Wednesday, July 06, 2016

Tel Aviv mayor links terror attack to Israeli occupation of Palestinian lands

No less a luminary then Ron Huldai, the mayor of Tel Aviv, believes that the continued Israeli occupation of the Palestinian territories is one of the underlying sparks of terrorism. I don't see how a thinking person can disagree. While I don't justify or excuse acts of terror, at the same time I can very easily see how someone who grew up under the occupation might choose to resist it violently. (I don't agree with that choice, and I think those who make that choice should be prosecuted to the fullest extent of the law.)

Right-wing Israeli lawmakers will never acknowledge this point, because to acknowledge this point is to recognize their own responsibilities. Convincing yourself that Arab terrorists are evil, brainwashed cartoon villains, who are motivated only by irrational antisemitism and nothing else, is a way of letting yourself off the hook. If you turn Arabs into symbols, and forget that they are people, they and their grievances become easier to ignore. If they are symbols of evil, rather than humans, whatever you do to them is justified.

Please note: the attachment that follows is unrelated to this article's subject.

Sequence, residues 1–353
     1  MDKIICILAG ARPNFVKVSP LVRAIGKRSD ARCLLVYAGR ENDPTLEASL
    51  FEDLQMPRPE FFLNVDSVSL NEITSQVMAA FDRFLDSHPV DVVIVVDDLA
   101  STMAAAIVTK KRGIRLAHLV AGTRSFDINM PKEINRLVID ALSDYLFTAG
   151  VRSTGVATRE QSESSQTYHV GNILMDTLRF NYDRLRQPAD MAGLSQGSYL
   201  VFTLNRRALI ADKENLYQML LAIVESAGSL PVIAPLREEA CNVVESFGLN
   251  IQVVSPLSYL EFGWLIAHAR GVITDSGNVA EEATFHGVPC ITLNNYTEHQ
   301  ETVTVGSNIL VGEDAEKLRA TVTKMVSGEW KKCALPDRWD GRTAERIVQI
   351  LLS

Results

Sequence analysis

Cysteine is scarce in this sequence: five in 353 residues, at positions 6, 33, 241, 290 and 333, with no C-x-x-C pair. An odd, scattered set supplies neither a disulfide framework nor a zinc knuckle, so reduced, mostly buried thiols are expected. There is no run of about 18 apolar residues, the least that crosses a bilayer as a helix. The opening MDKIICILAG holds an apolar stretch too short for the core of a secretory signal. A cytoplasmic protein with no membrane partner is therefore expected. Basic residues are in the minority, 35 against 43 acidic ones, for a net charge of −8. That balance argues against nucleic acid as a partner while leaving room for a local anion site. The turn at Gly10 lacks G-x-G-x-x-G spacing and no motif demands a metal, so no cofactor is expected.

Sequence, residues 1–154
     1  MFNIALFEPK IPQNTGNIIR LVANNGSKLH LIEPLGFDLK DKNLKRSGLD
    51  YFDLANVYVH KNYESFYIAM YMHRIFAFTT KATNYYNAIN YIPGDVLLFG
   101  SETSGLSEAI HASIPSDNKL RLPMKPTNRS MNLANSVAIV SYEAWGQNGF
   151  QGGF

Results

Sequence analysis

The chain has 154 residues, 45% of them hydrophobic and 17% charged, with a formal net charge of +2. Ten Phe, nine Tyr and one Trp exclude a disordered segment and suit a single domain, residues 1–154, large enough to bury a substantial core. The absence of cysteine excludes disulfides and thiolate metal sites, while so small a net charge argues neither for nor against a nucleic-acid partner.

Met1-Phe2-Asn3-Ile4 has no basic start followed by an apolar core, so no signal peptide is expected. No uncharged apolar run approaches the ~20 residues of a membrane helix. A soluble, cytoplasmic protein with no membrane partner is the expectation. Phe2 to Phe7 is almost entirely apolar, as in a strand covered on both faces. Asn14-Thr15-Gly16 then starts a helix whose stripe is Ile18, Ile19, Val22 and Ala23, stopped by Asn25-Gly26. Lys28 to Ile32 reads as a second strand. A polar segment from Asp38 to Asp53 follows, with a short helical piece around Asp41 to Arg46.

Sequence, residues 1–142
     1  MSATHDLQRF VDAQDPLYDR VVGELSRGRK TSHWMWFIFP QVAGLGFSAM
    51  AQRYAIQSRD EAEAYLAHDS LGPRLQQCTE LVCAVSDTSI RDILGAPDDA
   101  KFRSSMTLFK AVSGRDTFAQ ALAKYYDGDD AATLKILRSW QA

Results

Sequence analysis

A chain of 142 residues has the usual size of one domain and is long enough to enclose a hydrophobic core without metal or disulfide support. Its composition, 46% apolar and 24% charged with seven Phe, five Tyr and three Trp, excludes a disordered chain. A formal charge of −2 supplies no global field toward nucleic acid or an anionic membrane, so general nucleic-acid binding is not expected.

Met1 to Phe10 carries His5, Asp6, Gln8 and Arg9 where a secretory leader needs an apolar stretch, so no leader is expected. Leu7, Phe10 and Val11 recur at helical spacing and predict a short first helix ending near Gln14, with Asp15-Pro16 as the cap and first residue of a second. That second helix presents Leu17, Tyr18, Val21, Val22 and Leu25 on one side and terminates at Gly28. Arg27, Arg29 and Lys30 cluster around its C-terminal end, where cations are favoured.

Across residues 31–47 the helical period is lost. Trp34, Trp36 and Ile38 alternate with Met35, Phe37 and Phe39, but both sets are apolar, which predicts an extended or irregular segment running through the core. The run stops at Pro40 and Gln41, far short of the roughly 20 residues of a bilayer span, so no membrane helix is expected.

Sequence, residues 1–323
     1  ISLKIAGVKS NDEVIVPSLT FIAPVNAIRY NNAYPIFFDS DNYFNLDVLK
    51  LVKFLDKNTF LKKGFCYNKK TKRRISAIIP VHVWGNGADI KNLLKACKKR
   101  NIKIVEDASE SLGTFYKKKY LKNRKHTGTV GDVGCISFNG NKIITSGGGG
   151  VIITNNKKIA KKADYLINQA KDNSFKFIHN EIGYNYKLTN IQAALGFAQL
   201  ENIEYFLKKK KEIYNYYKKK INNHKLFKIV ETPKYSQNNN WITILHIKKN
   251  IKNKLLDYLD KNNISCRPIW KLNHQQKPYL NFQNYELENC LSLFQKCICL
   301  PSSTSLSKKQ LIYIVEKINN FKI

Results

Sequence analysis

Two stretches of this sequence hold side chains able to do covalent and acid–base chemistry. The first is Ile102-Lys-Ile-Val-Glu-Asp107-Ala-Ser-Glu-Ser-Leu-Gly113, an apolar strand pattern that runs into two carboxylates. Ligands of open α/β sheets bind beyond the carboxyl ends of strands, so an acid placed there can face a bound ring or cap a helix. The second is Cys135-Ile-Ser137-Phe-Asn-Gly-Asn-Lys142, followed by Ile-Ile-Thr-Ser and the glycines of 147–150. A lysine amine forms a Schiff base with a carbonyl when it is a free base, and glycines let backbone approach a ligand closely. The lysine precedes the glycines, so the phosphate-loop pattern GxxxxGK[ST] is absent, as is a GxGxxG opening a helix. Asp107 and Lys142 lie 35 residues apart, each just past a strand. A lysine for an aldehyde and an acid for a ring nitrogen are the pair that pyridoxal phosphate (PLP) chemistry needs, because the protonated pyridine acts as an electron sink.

Instead, perhaps we should take a lesson from our father Jacob. As he waited for Esav, we're told that Jacob was "extremely distressed" over the possibility that he might have to kill someone (Rashi)

Why did the thought of killing distress Jacob? We have the right to defend ourselves, and our family do we not? The answer is this. God has the power to change Esav's heart and turn him back, and Jacob has the power to make peace with his brother. A battle with Esav - even a battle that ended in victory for Jacob-  means that Jacob, as a result of his sins, didn't merit peace and tranquility. It means that Jacob had failed either in his obligations to God, or in his obligations to his brother.

Rather than taking the Netanyahu approach, and writing the Arabs off as irredeemably evil, perhaps we should take the Huldai / Yaakov Avinu approach and look inward, instead of outward. Like Huldai and the patriarch perhaps we should ask ourselves what we have done -to God or to our opponents - to put ourselves in so much danger.

"We are the only ones in the world with another people living among us under…

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